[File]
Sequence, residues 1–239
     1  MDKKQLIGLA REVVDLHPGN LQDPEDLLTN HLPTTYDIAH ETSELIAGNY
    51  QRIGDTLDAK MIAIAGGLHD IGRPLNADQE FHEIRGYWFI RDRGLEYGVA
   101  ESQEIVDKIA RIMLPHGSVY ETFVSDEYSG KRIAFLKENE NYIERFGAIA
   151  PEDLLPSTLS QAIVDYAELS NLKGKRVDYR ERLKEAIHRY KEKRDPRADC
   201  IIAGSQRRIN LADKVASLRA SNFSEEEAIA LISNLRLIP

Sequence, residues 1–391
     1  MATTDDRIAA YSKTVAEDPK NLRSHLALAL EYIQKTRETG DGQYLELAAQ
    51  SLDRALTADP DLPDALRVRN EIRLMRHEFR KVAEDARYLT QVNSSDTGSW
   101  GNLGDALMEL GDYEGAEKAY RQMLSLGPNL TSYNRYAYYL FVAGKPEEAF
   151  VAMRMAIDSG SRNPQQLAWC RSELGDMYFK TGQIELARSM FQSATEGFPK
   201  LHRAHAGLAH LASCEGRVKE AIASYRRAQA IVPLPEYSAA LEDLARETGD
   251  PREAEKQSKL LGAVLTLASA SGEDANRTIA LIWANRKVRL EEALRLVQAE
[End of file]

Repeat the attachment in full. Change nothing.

Sequence, residues 1–239
     1  MDKKQLIGLA REVVDLHPGN LQDPEDLLTN HLPTTYDIAH ETSELIAGNY
    51  QRIGDTLDAK MIAIAGGLHD IGRPLNADQE FHEIRGYWFI RDRGLEYGVA
   101  ESQEIVDKIA RIMLPHGSVY ETFVSDEYSG KRIAFLKENE NYIERFGAIA
   151  PEDLLPSTLS QAIVDYAELS NLKGKRVDYR ERLKEAIHRY KEKRDPRADC
   201  IIAGSQRRIN LADKVASLRA SNFSEEEAIA LISNLRLIP

Sequence, residues 1–391
     1  MATTDDRIAA YSKTVAEDPK NLRSHLALAL EYIQKTRETG DGQYLELAAQ
    51  SLDRALTADP DLPDALRVRN EIRLMRHEFR KVAEDARYLT QVNSSDTGSW
   101  GNLGDALMEL GDYEGAEKAY RQMLSLGPNL TSYNRYAYYL FVAGKPEEAF
   151  VAMRMAIDSG SRNPQQLAWC RSELGDMYFK TGQIELARSM FQSATEGFPK
   201  LHRAHAGLAH LASCEGRVKE AIASYRRAQA IVPLPEYSAA LEDLARETGD
   251  PREAEKQSKL LGAVLTLASA SGEDANRTIA LIWANRKVRL EEALRLVQAE